Indian troops for UN peacekeeping in South Sudan are coaching onerous at a military camp earlier than their induction and can endure two COVID-19 assessments earlier than being despatched to that nation, senior officers mentioned on Friday.
Indian troops are “one of the most sought after” in relation to deployment out of the country for peacekeeping, a senior official of the military.
“At present, our troops are already serving in South Sudan with blue helmets under the UNMISS and the new troops getting trained in the Khanpur Transit Camp in south Delhi will be inducted in batches to relieve those serving there right now in a phased manner. However, all precautions are being taken due to COVID-19,” he mentioned.
The UNMISS is United Nations Mission in South Sudan.
The official mentioned earlier than last induction, every member of the battalion undergoes rigorous coaching on the camp and has to clear two RT-PCR assessments.
“One test is conducted 21 days ahead of the date on which they are to be flown for induction. And, those found negative are then quarantined at various facilities, including one at Manesar in Haryana.
Then they are administered another COVID test, 72 hours before induction. So, all precautions have been taken, besides social distancing norms,” he mentioned.
The goal of “quarantining” them is to maintain them protected in order that they don’t contract the an infection, the official mentioned.
Another senior official mentioned that after reaching the vacation spot nation, there’s a “mandatory 14-day quarantine to ensure safety of all troops”.
One contingent of the battalion is slated to fly to South Sudan on November 27, he mentioned.
At the Khanpur camp, a gaggle of reporters on Friday got a sneak peek into the coaching routine of the troops, below “exercise Blue Helmet”.
India is among the many largest troop contributing nations to UN peacekeeping operations, which assist nations navigate the troublesome path to peace submit a battle.
Indian troops have served in such operations because the Korean War (1950-53), and in about 51 missions, of the whole 71 to date executed by the UN, officers mentioned.
Currently, Indian troops are serving in eight of the 13 peacekeeping missions, and because the Korean War, “about 2.5 lakh of our troops” have served in such missions until date, the officers mentioned.
Blue helmets and blue berets, two of probably the most enduring symbols of UN Peacekeeping Missions, are ubiquitous within the premises of the Khanpur camp, whereas big containers with “UN” painted on these, had been saved in a single nook.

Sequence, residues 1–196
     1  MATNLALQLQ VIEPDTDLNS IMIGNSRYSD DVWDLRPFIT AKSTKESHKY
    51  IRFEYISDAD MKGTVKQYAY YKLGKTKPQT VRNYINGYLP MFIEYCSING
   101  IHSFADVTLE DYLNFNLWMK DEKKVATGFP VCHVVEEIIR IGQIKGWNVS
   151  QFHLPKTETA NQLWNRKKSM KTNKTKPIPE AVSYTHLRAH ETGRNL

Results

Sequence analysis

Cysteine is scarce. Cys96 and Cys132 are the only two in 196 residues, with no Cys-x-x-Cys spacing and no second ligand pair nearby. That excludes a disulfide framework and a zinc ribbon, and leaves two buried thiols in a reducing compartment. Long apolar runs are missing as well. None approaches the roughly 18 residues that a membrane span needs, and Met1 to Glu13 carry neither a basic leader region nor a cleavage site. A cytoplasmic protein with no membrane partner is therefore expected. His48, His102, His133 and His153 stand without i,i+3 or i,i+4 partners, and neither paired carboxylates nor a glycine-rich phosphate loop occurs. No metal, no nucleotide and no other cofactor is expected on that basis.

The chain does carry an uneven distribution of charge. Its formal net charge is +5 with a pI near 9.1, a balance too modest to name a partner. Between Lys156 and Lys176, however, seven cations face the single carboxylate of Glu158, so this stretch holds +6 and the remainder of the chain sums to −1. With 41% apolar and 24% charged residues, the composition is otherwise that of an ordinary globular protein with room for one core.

At the camp, a slithering zone has been made the place para-trooping expertise are practiced by battalion members utilizing a towering construction as the bottom level.
An illustration of their expertise was given by a couple of members, who shouted, “Commando” as they slithered all the way down to the bottom.
A simulated expertise of what UN peacekeeping troops may face in South Sudan was performed out by troops, demonstrating how the “rules of engagement” are diligently adopted as specified by the protocols of the UN, even within the face of bodily hazard.
“There is a whole matrix for the rules of engagement, like when and how to fire, how to engage with a violent group, as it might come up due to inter-tribal clashes there. Our troops are trained to follow the UN mandate, and discipline of the Indian army is already in their psyche,” one other military official informed PTI.
In reality, some members of the battalion have been taught the Arabic language, in order that they will broadly talk with members of a tribe or the native inhabitants, he mentioned.
At the camp, a sand mannequin space has been created of a area in South Sudan with a camouflaged surroundings for studying the ropes.
“Indian troops are also sought after due to their high level of empathy, as India believes in the philosophy of ”Vasudhaiva Kutumbakam” or whole world is a family, so we serve in other countries for peacekeeping with that feeling of universality,” the official mentioned.